We like EM in 2021 given expectations of a global cyclical recovery, a weaker dollar, improving trade, and higher commodity prices.
Rarely has consensus been this optimistic about Emerging Markets (EM). Expected to benefit from a vaccine-led recovery, strong cyclical rebound, and weaker dollar, many market participants are looking for EM to outperform in 2021. To that end, weekly inflows into EM equities hit an all-time high two weeks ago. This also comes after a strong year – MSCI EM, the most used EM equity benchmark, was up 18.7% in 2020, outperforming the S&P 500 (+18.4%) and MSCI Europe (+5.9%), beating Developed Markets (DM) for the first time since 2017.1
However, in times prior to the arrival of the COVID-19 pandemic, expectations of EM outperformance have often led to disappointment. Despite stronger growth and supportive demographic and consumer trends, EM equity returns averaged 3.6% per year over the period from 2010-2019. Even EM Asia, the favored region of the EM universe, only returned 3.5% per year over the same period. Last year marked a departure from the norm – EM Asia, specifically Northeast Asian markets, were the best performing equity markets globally, with China, Taiwan, and Korea all up around 40% on the year. This raises the question – was the pandemic-related outperformance only temporary; a flow-on from effective virus containment? Or does it represent a structural shift in which global investors recognize Asia for the key role it plays in the global technology supply chain – especially semiconductors? In other words, after a decade of flat earnings and market underperformance, could this be a lasting inflection point for EM?
What drives EM performance?
While Emerging Market economies often have more differences than similarities, investors should still consider the common factors that drive broad EM performance and the key drivers for specific regions. For broad EM, when global growth is cyclically improving and the U.S. dollar is broadly weak, Emerging Markets tend to perform well. Global investor flows into EM also generally follow a widening of the EM-DM growth differential and a weaker dollar.
This makes intuitive sense. Nominal growth tends to drive returns, but only in an environment where high nominal growth doesn’t result in undue currency depreciation. As a result, the two biggest predictors of EM performance tend to be 1) exports and 2) commodity prices. Why?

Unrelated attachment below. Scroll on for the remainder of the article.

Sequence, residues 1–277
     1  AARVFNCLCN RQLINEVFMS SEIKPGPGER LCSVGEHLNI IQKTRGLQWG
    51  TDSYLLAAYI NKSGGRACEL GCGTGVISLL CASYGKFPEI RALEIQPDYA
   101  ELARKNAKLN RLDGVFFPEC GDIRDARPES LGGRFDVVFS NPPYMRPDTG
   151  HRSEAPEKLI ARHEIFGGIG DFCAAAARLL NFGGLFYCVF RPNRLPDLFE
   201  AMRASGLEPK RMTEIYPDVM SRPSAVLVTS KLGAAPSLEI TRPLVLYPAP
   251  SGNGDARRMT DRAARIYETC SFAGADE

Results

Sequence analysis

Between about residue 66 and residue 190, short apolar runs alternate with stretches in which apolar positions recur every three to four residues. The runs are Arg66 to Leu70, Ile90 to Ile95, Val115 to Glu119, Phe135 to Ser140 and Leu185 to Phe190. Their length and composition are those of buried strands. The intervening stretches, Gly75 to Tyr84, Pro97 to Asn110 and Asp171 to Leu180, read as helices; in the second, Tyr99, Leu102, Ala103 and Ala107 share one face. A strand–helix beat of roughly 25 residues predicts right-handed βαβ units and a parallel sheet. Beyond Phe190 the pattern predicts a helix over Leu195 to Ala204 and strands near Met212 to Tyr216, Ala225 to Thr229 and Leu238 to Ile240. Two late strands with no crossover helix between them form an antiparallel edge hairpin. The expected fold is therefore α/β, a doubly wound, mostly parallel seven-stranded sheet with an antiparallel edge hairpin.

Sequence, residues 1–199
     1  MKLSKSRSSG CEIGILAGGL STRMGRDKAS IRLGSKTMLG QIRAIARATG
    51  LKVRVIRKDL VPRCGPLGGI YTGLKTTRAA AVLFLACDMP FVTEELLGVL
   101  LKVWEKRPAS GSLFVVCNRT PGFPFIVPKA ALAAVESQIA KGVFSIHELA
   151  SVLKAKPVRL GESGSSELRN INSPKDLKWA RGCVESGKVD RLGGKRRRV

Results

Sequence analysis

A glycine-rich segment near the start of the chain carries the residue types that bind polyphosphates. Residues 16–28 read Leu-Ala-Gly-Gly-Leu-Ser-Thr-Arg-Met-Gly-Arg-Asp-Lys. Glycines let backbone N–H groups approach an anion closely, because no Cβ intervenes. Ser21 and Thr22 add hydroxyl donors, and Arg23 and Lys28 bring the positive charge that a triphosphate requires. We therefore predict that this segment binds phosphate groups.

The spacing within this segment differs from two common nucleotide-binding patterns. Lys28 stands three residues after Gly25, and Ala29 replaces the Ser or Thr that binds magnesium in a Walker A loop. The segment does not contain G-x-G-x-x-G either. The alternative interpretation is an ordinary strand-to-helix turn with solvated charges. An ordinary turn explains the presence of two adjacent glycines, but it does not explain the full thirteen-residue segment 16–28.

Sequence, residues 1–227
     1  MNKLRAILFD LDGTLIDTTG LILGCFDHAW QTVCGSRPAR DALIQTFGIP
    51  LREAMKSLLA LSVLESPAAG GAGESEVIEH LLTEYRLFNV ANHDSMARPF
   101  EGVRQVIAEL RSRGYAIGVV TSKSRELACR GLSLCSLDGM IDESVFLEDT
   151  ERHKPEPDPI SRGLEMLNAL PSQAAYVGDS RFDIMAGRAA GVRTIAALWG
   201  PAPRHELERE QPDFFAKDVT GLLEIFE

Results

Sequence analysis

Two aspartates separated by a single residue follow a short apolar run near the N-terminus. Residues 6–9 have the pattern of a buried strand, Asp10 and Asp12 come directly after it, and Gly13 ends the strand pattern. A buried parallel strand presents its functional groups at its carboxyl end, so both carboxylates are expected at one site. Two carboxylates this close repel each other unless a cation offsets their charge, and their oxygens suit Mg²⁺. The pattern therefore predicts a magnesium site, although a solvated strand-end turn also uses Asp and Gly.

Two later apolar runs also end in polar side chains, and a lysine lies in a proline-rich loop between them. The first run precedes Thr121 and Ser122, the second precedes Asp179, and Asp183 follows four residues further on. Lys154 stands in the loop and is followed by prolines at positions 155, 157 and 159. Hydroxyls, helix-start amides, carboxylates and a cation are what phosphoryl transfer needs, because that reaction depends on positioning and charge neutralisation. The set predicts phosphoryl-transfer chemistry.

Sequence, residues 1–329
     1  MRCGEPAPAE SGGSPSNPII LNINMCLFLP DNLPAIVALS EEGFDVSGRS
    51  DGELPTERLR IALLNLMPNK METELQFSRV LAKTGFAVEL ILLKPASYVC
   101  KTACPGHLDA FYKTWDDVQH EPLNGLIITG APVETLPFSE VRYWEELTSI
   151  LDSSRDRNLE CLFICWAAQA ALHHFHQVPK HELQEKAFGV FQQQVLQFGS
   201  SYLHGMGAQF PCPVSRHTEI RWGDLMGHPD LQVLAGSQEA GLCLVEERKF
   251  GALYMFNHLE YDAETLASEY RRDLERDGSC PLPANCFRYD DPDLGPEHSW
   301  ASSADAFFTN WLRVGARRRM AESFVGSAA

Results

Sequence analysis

1) Exports are usually the most volatile part of the EM growth cycle, driving swings in corporate earnings growth, regardless of what is happening domestically. Exports are not only a big direct driver of earnings growth across the broad EM universe, but strong exports can also support economies’ currencies. In other words, exports are a strong driver of earnings and FX appreciation, both of which are crucial for investment returns in EM.
If commodities are no longer an important part of EM economies, why does this relationship exist? It’s not so much that commodities are driving the cycle, but rather that commodity prices often reflect global growth and risk appetites, which are reflected in both exports and commodity prices. Together these largely determine the path of currencies, equities, and other asset markets. Broadly speaking, understanding the potential path for EM exports and commodities bodes well for determining the path for EM assets. In this respect, we are expecting healthy EM export growth over the first half of 2021, healthy current accounts, and resilient commodity prices. As a result, the EM-DM growth differential should improve this year. By this count, it makes sense to favor EM in 2021.
The last point worth considering is the link between EM as a risk asset class and global risk appetite, often exhibited by the value of the U.S. dollar and the value of other commodities. A strengthening dollar tends to coincide with falling commodity prices, pressure on EM currencies, widening EM spreads, and underperforming EM equities, while a weakening dollar corresponds to higher commodity prices and a relative EM rally across the board – regardless of what is happening with underlying fundamentals. As mentioned above, a weaker dollar is generally associated with capital flows into EM assets.
Country fundamentals matter